Funders and nonprofit organizations alike must stop viewing marketing and communications as overhead — and start recognizing them as the true impact multipliers they are. But the truth is that it is possible for your organization to gain access to true cost funding and still remain functionally trapped in the usual starvation cycle. To truly break free, you’ll need to place the same level of importance on your branding, marketing, and communications work as you do on the work required to achieve your mission. Because the fact is, they’re one and the same.

Bottom line? If donors are responsible for changing their funding models, then nonprofits are responsible for changing their approach.

The 8 Signs Your Nonprofit is Trapped in a Starvation Cycle

Are you ready to learn where your nonprofit stands? The most common starvation cycle symptoms go beyond a reliable lack of funding. You know you’re trapped in the starvation cycle if your organization:

  1. Suffers from a shortage of donors. You can’t seem to connect with a large enough pool of individual and institutional funders.
  2. Ekes by without dedicated marketing and communications funds. Your existing grants limit your funding to direct program work. In addition, you treat your marketing and communications programs as second-class citizens. They aren’t much more than an afterthought lagging behind your program work.
  3. Is perpetually under-resourced. You’re operating on a budget that doesn’t adequately address your true needs. In addition, because you are motivated to get funding wherever possible, you apply for grants that relate only tangentially to your theory of change. As a result, you are beholden to various grant requirements. Functionally, this means that you must often divide your energies among multiple initiatives, thus detracting from your ability to pursue your central vision for change.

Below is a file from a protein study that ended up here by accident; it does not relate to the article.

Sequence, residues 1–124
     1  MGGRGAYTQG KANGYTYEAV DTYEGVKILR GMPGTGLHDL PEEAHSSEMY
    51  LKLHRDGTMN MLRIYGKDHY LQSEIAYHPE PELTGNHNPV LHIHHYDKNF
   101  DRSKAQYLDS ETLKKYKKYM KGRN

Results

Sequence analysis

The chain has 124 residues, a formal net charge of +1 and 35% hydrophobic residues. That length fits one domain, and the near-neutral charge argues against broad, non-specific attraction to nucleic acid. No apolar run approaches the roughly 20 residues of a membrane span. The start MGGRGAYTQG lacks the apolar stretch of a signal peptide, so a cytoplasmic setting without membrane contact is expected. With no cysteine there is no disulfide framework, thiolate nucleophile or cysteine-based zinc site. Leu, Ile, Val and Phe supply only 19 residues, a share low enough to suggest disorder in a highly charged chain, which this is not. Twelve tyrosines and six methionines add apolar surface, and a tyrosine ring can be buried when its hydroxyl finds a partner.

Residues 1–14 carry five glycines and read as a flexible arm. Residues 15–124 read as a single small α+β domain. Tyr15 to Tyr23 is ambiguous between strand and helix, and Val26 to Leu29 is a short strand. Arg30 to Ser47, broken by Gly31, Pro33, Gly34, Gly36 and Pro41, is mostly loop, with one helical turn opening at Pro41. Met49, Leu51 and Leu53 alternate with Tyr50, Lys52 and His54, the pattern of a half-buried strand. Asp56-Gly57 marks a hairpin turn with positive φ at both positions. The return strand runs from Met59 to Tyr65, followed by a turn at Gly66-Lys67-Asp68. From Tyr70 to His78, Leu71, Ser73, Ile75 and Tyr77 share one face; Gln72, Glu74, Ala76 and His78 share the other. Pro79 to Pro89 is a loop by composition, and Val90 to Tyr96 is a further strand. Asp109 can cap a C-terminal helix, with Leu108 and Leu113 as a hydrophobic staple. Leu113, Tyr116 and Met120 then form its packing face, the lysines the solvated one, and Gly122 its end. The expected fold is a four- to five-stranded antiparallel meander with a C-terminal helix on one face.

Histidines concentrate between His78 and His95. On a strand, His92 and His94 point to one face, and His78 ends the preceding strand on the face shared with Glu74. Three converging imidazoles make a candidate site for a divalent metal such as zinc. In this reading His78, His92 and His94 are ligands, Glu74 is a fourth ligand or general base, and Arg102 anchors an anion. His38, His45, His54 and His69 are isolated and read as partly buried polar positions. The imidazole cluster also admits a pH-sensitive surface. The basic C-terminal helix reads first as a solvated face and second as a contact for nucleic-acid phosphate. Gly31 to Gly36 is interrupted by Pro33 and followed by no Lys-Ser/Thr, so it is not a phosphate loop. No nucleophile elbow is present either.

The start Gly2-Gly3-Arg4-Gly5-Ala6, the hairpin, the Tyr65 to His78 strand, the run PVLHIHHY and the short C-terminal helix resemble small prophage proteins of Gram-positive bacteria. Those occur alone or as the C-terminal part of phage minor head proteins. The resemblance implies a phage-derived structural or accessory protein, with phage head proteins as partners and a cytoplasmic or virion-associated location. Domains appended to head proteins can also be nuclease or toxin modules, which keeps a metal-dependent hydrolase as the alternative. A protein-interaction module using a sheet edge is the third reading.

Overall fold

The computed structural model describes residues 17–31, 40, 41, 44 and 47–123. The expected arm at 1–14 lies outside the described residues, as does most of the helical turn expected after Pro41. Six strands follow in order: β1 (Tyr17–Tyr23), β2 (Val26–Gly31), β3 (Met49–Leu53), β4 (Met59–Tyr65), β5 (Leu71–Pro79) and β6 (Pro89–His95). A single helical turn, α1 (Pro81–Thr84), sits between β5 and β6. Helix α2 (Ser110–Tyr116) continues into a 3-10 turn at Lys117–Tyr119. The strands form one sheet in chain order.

4. Requires staff to run at over-capacity. Each staffer wears multiple hats, making it impossible to effectively perform any one job function. The more you are beholden to restrictive grant requirements rather than your holistic vision, the more this tends to be true.
  5. Treats each budget cycle like an emergency. Your team must frequently pull away from program work to scramble for funding, grant writing, or budget allocation. On top of that, you don’t yet have a long-term funding strategy that delineates how you will diversify and strengthen your funding moving forward.
  6. Has a hard time finding and retaining top talent. Your offerings simply aren’t attractive as compared with others on the market. To make matters worse, your employees quickly burn out and ultimately move on to other opportunities. They are passionate about the work, but their time, energy, and willingness to accept below-market wages all have limits.
  7. Lacks brand awareness. You have trouble getting your target audience to engage with your campaigns, spread the word, or respond to your appeals.
  8. Struggles to deepen supporters’ engagement over time. Rather than growing more active in your organization’s work, your supporters tend to stagnate or drop off over time. You can’t seem to inspire supporters to consistently share their time, attention, and resources to your cause. In addition, you don’t have a strategy in place to actively nurture your supporters up the ladder of engagement.

If one or more of these signs describes your organization’s situation, the answer is clear: You’re caught up in the starvation cycle. The good news? With the right approach, you have the power to break the starvation cycle once and for all. Which means that the time to act is right now.